With just a face, you miss things like the fundamental frequency (pitch) of the voice, dialect, and other linguistic variables.

In both cases, much is missing, and impossible to reconstruct beyond a stereotype.


I think that's part of the motivation for Blindpad: https://github.com/blindpad

It's a tool for pair programming in interviews. It includes audio (no video), and alters the audio to reduce/eliminate cues that would indicate the interviewee's race, age etc.


> If a neural net is this good at inferring social, racial, and gender information from audio, humans are even better.

Why would humans automatically be better than machines at that task?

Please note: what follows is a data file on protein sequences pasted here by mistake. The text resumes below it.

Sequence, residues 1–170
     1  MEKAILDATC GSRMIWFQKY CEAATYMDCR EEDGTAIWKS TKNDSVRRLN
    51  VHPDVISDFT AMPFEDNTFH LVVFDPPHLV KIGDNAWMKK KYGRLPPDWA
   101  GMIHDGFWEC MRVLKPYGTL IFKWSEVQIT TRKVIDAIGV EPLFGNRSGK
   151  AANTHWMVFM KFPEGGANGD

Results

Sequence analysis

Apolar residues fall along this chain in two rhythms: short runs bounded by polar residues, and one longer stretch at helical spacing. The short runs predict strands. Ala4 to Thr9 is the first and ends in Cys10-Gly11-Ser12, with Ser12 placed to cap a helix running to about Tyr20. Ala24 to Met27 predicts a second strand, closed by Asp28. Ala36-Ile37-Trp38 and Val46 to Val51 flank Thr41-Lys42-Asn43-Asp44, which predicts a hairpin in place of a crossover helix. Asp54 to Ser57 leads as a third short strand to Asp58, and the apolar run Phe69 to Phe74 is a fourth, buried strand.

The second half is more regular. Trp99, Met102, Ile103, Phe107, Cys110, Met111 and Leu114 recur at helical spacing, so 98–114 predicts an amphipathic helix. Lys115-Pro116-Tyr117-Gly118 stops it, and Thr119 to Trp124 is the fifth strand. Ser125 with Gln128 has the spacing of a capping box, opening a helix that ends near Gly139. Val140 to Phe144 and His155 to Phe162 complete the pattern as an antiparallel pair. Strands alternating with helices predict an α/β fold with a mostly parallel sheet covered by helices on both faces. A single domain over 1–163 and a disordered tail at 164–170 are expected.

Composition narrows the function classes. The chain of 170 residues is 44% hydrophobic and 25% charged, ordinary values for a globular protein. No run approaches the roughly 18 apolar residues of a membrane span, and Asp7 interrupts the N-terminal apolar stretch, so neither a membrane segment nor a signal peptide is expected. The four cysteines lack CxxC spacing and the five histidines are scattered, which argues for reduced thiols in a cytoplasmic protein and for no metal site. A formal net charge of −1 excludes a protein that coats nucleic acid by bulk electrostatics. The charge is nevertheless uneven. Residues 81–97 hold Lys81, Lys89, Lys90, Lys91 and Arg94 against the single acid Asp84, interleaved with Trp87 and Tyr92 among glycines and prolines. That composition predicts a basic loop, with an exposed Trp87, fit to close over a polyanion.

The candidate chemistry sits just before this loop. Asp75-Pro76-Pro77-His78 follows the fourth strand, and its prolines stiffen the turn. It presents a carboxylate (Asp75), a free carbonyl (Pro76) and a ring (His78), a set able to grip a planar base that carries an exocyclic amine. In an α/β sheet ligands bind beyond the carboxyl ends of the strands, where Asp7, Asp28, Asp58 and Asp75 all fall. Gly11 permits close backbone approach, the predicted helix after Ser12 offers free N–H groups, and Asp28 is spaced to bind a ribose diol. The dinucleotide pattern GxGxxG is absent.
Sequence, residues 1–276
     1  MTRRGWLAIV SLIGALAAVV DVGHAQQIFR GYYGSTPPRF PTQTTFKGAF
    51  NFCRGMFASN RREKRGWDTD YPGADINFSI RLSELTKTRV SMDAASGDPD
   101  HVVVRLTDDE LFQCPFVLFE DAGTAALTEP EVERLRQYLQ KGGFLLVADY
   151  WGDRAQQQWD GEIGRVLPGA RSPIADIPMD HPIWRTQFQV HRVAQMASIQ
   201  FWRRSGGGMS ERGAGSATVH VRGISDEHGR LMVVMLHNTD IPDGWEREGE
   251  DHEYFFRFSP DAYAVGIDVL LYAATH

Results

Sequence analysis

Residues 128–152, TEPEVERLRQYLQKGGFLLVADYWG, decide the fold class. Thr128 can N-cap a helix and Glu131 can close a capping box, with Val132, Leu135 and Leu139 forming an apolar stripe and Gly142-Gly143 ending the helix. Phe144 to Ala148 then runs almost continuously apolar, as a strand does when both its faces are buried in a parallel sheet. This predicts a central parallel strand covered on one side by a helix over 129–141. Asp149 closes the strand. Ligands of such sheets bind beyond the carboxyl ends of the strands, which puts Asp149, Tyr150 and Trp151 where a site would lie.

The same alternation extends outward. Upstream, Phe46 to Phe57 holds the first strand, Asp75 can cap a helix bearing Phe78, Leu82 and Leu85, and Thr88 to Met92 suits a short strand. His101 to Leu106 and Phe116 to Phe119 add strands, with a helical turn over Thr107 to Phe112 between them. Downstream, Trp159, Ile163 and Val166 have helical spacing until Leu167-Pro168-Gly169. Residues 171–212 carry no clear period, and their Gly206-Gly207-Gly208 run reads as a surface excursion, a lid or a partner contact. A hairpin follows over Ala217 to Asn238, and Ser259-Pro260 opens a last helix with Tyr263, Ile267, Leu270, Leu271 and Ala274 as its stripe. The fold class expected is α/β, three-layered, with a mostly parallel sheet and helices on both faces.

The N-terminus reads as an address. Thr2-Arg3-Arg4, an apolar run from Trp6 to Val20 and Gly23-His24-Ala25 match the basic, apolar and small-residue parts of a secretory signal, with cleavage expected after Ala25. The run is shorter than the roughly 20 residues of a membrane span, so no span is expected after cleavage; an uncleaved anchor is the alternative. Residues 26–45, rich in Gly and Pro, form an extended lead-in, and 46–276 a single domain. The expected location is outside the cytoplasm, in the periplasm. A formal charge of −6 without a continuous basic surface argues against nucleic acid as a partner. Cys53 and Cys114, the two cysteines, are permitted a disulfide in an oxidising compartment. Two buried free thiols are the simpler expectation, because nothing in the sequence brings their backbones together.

We don't know this for sure, certainly, but given that things like social group, race and gender are fundamentally sociocultural phenomena (albeit with some physiological basis in some cases), I would assume that humans will have a considerable advantage. We are natively social beings with decades of social knowledge and learning, whereas these sorts of algorithms are at best seeing these things as epiphenomena in large datasets.

Plus, we have the advantage of understanding what social cues certain speech traits directly 'index', or serve to mark. For instance, I'll bet you can picture a voice of somebody who you could clearly identify as white and male, but who would be exceedingly unlikely to have a long, bushy beard and wear a camoflauge jacket. This is not anatomical, but social, and are not coincidence, but broadcasted social information. Sure, with enough data, we might be able to pick up on these as sort of emergent stereotypes, but we're attuned to such cues through our social experience. And these things are culturally specific, perhaps moreso than a YouTube dataset would be.